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What Good Employees Need and Want

It is often thought that good employees’ most important desire
is to be paid fairly and well for their work. However, experience
shows there are many other areas where employee needs and
wants, if attended to, can provide a work experience and environment
that is mutually beneficial to the employer and the
employees.



Goals. Performance planning is as important as performance
appraisal. Provide them with a light at the end of the tunnel.



Participation. People want to be involved in as many aspects
of assigned tasks as possible. The greater the involvement, the
greater the buy-in and support.



Guidance. All people, especially those new to a job, want and
need to know how well they are doing and where they stand.
Feedback and direction are the keys. Don’t focus only on the
negative; accentuate the positive.



Encouragement. People will usually give what is expected of
them. The higher the expectation, the higher the performance.
Look for the best in others, not the worst. If we lower expectations,
performance will diminish. If you fail to continue to raise
expectations, the organization can become stale.



Recognition. Praise is still one of the most effective forms of
motivation. Positive feedback and reinforcement do work.



Communication. Give every person as much of a chance to
express his feelings, attitudes and ideas as you give to yourself
Remember that most people will only communicate to the
extent to which they are encouraged to do so.



Competition. Competition among people can be a great
incentive to be more productive. Remember to have them compete
against goals and competitors, not each other or against
other departments.



Reward. All people are looking for some type of reward and
recognition. This does not have to take the form of money.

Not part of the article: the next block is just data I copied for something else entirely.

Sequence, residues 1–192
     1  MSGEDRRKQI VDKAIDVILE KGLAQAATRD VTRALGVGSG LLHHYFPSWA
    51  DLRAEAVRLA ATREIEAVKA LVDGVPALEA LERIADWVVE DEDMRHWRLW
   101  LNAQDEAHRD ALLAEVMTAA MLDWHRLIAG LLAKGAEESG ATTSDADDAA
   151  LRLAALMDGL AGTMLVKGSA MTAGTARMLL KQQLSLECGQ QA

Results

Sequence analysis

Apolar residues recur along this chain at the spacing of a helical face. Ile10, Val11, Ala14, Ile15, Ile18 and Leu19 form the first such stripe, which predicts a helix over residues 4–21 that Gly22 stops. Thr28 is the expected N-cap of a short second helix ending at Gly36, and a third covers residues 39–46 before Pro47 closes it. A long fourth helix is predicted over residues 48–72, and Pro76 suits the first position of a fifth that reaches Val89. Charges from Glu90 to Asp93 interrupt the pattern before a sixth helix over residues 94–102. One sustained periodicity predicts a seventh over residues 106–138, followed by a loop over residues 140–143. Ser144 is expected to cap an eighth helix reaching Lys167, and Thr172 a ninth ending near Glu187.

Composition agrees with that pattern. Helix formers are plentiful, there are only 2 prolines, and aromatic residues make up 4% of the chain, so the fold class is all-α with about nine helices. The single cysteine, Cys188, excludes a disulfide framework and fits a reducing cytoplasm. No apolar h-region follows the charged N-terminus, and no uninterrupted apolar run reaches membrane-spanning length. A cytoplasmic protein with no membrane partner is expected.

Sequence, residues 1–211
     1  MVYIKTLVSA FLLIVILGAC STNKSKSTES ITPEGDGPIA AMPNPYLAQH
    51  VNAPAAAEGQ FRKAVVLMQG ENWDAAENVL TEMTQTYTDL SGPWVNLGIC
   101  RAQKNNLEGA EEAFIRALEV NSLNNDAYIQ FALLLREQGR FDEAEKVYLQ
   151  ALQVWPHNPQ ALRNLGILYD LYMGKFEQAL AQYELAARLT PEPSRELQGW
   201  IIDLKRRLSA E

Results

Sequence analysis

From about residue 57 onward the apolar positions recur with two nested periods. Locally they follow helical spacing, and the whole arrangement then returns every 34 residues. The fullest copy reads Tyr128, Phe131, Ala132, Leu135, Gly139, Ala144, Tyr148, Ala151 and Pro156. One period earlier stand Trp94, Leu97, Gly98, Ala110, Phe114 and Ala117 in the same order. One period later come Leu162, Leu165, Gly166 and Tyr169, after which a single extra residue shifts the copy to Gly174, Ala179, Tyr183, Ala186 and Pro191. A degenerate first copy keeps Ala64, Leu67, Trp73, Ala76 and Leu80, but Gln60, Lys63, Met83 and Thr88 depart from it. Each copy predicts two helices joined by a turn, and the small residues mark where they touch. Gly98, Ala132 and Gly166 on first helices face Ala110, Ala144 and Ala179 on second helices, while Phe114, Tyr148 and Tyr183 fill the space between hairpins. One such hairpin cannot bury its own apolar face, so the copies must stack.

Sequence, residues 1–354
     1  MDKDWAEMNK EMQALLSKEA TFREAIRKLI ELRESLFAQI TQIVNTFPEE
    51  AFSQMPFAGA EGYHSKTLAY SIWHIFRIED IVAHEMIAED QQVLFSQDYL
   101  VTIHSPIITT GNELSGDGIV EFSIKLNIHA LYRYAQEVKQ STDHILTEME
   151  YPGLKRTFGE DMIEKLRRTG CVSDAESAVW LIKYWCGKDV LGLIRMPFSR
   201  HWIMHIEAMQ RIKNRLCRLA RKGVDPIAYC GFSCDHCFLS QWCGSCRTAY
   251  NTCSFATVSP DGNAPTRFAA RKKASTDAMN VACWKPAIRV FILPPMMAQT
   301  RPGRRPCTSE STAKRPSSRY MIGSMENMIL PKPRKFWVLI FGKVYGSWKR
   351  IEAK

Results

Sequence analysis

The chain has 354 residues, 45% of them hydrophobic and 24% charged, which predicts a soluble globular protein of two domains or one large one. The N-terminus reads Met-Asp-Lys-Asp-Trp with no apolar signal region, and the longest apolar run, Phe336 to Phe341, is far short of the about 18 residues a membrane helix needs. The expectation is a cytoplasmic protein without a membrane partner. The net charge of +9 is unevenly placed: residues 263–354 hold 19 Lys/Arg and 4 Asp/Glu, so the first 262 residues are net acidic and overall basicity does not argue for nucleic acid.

There are many other options. Sometimes merely calling attention
to someone’s outstanding performance is all it takes.



Growth. If you do not provide enough opportunity within the
organization, those with great talents are more likely to move
on.



Challenge. The more challenging the work environment and
the job, the more likely you will attract—and keep—good people.
Achievement. Many people want to be high achievers, even
if they do not yet know how to do so. It is up to you to push
them to their limits and then train them to go further than they
have in the past.



Belonging. Most people need to be part of a good organization.
Create a positive organization with which people are proud
to be identified.



Management awareness. Given the growing diversity of
the work force today, it is important that we take time to try to
understand and accept differences and to manage them effectively.
Authority. Authority is necessary, but it should be exercised
in a responsible manner. Remember that if you assign responsibility
and accountability, you must also assign authority so
that people can reach their goals. Remember, too, that people
will reflect your exercise of authority in their exercise of it.



About the Author

L. Douglas Mault is president of the Executive Advisory Institute,
Yakima. Wash.

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